|Publication number||US6274397 B1|
|Application number||US 09/323,351|
|Publication date||Aug 14, 2001|
|Filing date||Jun 1, 1999|
|Priority date||Jun 1, 1999|
|Publication number||09323351, 323351, US 6274397 B1, US 6274397B1, US-B1-6274397, US6274397 B1, US6274397B1|
|Inventors||Wen-Cheng Chien, Ho-Yin Yiu, Hui-Chen Chu|
|Original Assignee||Taiwan Semiconductor Manufacturing Company Ltd.|
|Export Citation||BiBTeX, EndNote, RefMan|
|Patent Citations (9), Referenced by (5), Classifications (14), Legal Events (4)|
|External Links: USPTO, USPTO Assignment, Espacenet|
(1) Field of the Invention
The invention relates to the field of semiconductor circuit manufacturing, and more specifically to the field of preventing exposed metal line corrosion prior to the testing of semiconductor devices.
(2) Description of the Prior Art
Multi chip modules and other electronic devices are constructed using unpackaged or bare semiconductor dice. These unpackaged dice are, during the semiconductor manufacturing process, tested and burned in to assure that each die is a known good die. This has led to the creation of test carriers where a single or a multiplicity of die are assembled and tested and whereby the test carrier provides for electrical interaction between the die pads and external test circuitry.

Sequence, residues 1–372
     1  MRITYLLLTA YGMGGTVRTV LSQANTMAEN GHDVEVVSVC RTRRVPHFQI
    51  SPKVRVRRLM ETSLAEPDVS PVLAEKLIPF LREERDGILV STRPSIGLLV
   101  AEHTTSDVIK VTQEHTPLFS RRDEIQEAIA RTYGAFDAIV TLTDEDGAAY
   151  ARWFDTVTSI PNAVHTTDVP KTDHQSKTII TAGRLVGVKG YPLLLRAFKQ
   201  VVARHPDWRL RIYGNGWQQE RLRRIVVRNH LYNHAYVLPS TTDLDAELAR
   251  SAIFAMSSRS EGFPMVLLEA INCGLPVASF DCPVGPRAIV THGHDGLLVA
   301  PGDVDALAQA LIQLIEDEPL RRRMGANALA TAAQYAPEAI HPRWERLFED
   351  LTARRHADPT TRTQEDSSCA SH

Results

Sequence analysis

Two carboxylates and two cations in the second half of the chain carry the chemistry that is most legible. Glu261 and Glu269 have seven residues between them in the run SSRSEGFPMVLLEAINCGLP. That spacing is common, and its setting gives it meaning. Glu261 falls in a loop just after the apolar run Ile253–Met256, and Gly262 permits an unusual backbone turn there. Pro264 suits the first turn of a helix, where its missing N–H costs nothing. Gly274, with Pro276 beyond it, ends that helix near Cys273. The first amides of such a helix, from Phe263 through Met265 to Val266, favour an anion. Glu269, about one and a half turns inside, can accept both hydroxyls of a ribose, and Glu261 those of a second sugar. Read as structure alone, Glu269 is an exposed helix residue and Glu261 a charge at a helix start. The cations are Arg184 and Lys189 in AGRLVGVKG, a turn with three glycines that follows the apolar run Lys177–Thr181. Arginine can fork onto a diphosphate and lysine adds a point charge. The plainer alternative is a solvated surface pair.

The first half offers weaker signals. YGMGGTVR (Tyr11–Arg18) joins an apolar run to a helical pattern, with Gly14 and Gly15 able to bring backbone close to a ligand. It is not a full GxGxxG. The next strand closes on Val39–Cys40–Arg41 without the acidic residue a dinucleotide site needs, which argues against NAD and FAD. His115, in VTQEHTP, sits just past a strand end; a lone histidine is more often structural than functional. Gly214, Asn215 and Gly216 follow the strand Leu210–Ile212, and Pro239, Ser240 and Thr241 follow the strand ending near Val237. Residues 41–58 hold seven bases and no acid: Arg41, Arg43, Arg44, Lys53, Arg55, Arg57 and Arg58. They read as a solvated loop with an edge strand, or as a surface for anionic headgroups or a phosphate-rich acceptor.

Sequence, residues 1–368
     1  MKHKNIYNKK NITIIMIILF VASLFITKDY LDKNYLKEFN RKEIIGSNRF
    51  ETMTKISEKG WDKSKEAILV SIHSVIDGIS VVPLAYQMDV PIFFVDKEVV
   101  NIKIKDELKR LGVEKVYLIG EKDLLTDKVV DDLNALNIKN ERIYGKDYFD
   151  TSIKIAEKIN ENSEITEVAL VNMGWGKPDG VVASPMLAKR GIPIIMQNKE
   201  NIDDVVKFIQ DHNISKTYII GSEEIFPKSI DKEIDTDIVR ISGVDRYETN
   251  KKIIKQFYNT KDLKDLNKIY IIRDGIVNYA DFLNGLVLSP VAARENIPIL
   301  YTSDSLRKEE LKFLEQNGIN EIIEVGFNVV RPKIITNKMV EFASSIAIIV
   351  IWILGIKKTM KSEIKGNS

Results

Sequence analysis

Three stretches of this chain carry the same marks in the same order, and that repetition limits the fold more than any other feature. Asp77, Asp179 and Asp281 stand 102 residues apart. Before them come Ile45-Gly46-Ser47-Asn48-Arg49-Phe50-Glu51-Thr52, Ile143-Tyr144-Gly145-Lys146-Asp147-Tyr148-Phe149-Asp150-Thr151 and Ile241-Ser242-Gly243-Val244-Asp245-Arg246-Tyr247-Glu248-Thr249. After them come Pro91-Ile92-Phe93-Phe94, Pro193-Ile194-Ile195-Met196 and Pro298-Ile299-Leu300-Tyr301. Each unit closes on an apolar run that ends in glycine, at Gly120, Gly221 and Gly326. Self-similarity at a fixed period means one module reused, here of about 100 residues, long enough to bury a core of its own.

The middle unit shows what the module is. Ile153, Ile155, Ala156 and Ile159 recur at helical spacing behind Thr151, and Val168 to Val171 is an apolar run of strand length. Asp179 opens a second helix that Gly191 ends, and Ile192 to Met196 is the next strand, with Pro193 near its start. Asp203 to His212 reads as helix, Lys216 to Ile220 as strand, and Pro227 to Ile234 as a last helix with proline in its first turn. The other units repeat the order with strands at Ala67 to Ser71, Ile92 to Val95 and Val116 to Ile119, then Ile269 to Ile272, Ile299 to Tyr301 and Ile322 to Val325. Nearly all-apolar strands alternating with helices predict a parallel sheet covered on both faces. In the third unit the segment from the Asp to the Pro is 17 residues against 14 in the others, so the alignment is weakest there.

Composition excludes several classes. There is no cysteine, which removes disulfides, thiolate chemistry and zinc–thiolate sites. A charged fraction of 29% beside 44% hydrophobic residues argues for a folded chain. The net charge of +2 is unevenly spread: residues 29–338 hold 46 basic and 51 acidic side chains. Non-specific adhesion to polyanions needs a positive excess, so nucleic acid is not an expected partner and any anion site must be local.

It has been suggested that, during testing, a circuit forms on the die that causes pad leakage. This pad leakage can occur from the input or output pads on a die to other pads on the die such as ground pads, power pads and bias voltage pads. Pad leakage can further occur from a pad to the silicon substrate of a die or to another component of the die.
A number of semiconductor package designs include the design of an special circuit that serves to provide an electrical path form the input/output pads to a ground pad, or to a power pad or a bias voltage pad for the die. This electrical path is designed to be actuated by a high voltage, such as an electrostatic discharge, being applied to the input or output pads of the die. These special circuits may become defective further causing a pattern of leakage current across the semiconductor package.
A number of different types of semiconductor circuits can be used to form a VLSI integrated circuit package, circuits such as Pin Grid Array (PGA) and Ball Grid Array (BGA) can be part of this package. These various types of circuit packages can be mounted on a chip carrier where they can be further interconnected by means of conducting lines.
Packaged semiconductor dice are routinely checked for pad leakage and other electrical performance characteristics. A passivation layer is applied across the package over which a molding compound is deposited. The passivation layer is deposited first so that the molding compound can be applied, the passivation layer protects the electronic circuitry from the molding compound. The passivation layer would be deposited only over the electronic circuitry thus leaving the interconnecting conducting lines open and exposed to the atmosphere. These metal lines would therefore be subject to line corrosion. The present invention addresses a method to prevent line corrosion from happening while still being able to cover the completed electronic package with the molding compound.